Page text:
A brilliant police detective with a weakness for community theater must nab a killer who's rubbing out cast members in a B-rated musical in the whodunit comedy "Curtains."
The show, presented by the Possum Point Players, opened April 19 at Possum Hall.
Take a leap to 1959 at the Colonial Theatre in Boston, Mass. The new Broadway musical "Robbin' Hood of the Old West," a western rendition of Robin Hood, has just ended its opening night. After the leading lady Jessica Crenshaw, a washed-up Hollywood actress, takes her bow, she collapses behind the curtain and is rushed to the hospital.
The hospital calls show producer Carmen Bernstein and informs her Crenshaw is dead. Bernstein and the cast hold a mock funeral for the fallen star at the theater. But the warm gesture quickly turns frosty when they recount how lousy an actress she was.
In walks Boston police lieutenant Frank Cioffi, who announces to the cast how much he enjoyed "Robbin Hood," although it was met by terrible reviews from critics. He also informs the thespians that Crenshaw's death was a murder and he must sequester everyone at the venue until he finds the killer, who he believes to be in the building. But how can Cioffi save the rest of the cast from death when he can't even save himself from getting involved with the show and tweaking it to his liking?
Don Megee, cast as Cioffi, admits he's never played a character like the lieutenant before.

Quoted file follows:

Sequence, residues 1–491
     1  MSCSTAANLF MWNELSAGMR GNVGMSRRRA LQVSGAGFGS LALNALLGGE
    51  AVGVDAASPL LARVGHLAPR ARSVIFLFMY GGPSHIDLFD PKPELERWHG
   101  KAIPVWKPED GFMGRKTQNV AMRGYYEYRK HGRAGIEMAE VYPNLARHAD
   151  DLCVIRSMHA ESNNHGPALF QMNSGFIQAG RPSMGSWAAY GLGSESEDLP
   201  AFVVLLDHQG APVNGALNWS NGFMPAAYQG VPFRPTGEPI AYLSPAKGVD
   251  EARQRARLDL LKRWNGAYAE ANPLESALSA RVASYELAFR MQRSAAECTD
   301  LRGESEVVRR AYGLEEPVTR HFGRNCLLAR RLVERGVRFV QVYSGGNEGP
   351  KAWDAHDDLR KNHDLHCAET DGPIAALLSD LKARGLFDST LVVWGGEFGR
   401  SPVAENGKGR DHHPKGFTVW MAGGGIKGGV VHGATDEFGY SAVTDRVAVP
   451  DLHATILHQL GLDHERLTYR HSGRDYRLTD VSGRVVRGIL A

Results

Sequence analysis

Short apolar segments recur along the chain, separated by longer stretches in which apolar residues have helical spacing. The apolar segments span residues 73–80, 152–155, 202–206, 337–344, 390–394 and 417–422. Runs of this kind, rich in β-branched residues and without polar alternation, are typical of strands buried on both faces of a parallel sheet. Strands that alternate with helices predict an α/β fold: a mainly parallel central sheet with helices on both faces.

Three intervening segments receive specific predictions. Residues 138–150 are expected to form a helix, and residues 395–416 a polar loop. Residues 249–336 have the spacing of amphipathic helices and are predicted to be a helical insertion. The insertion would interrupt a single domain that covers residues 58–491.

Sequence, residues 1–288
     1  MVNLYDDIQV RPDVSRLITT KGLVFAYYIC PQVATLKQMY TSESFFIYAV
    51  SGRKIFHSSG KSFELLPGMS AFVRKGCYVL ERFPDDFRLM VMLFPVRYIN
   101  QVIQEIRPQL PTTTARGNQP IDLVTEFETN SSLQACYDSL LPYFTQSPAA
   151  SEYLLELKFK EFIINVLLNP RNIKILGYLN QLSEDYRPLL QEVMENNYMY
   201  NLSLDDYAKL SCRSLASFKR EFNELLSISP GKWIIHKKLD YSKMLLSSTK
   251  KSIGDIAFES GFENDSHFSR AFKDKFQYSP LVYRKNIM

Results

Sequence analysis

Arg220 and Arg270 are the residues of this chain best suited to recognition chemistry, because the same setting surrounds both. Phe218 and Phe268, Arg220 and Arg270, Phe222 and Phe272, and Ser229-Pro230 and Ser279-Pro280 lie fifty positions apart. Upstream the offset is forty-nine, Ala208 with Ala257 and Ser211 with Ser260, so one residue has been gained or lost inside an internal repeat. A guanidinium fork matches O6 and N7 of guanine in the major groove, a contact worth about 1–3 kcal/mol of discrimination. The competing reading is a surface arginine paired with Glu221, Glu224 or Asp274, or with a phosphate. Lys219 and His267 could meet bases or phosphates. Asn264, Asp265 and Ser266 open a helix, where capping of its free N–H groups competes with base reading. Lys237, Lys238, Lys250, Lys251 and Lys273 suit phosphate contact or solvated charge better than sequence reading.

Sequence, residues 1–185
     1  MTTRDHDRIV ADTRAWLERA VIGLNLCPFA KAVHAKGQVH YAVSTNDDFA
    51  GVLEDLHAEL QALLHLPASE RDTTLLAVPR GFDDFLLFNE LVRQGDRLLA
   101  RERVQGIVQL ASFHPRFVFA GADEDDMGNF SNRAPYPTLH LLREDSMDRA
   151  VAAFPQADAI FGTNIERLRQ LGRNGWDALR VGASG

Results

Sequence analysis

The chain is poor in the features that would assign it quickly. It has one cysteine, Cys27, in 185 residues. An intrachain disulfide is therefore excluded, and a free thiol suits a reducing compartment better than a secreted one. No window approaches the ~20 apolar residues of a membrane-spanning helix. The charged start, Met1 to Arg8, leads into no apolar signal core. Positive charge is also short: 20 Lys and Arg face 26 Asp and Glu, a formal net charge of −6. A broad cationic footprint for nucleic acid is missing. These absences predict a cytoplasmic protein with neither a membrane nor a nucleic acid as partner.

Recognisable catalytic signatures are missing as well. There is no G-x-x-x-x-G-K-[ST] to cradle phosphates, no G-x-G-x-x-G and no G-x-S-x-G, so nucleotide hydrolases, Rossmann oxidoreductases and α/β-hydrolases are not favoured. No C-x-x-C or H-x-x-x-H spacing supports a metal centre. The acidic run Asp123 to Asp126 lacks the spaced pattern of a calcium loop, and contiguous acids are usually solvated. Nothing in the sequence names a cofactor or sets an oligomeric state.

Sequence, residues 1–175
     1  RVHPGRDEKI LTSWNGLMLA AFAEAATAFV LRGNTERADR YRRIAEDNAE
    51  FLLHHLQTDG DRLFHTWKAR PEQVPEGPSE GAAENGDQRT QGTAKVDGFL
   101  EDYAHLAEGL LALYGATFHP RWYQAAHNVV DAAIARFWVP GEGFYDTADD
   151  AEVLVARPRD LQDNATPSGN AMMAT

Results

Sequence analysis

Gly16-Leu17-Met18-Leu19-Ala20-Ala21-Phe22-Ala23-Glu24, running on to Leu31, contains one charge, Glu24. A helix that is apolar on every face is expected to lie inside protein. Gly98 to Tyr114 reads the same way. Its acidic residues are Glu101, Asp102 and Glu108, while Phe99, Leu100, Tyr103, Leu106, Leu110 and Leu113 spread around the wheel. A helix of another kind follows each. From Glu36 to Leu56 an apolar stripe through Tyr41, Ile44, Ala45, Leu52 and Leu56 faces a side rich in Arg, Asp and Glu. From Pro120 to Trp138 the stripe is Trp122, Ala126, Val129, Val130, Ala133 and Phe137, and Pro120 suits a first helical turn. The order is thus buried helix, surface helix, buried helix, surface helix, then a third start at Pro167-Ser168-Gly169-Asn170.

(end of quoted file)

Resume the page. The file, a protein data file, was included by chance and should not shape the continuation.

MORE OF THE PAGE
"It's funny to do," said Megee, 50, of Georgetown. "That was one of the toughest parts of this character — trying to be this No. 1 cop and also loving doing musicals, because the two don't go hand-in-hand. I don't know any Delaware State troopers involved in community theater."
But that's why the character is appealing to Megee. One of his most memorable lines is when Cioffi arrives at the Colonial Theatre and elatedly says to the cast "It's an honor to be on the same stage!" Megee explained. He's sure that line is going to be met with laughs on opening night since the audience will likely be thinking "wow, that came out of nowhere."
Recognizing Rupert Holmes' script for "Curtains" is a bit odd, director Jim Hartzell said his attraction to the show is its humor, choreography and soundtrack, of which the latter is arrayed in a Broadway style with lyrics by Fred Ebb and music by John Kander.
"If you come to this show, you need to sit back and enjoy it. You don't need to get into whys," said Hartzell, 70, of Georgetown. "You don't need to study it — the characters or the situations — because you'll go nowhere with it. They don't make sense."
Page 2 of 2 - IF YOU GO
WHAT "Curtains" the musical
WHEN 8 p.m., Friday; 8 p.m., Saturday; 2 p.m., Sunday. Show dates run through Sunday, April 28.
WHERE Possum Hall, 441 Old Laurel Road, Georgetown
COST $23 adults; $22 seniors and students
INFO possumpointplayers.org or (302) 856-4560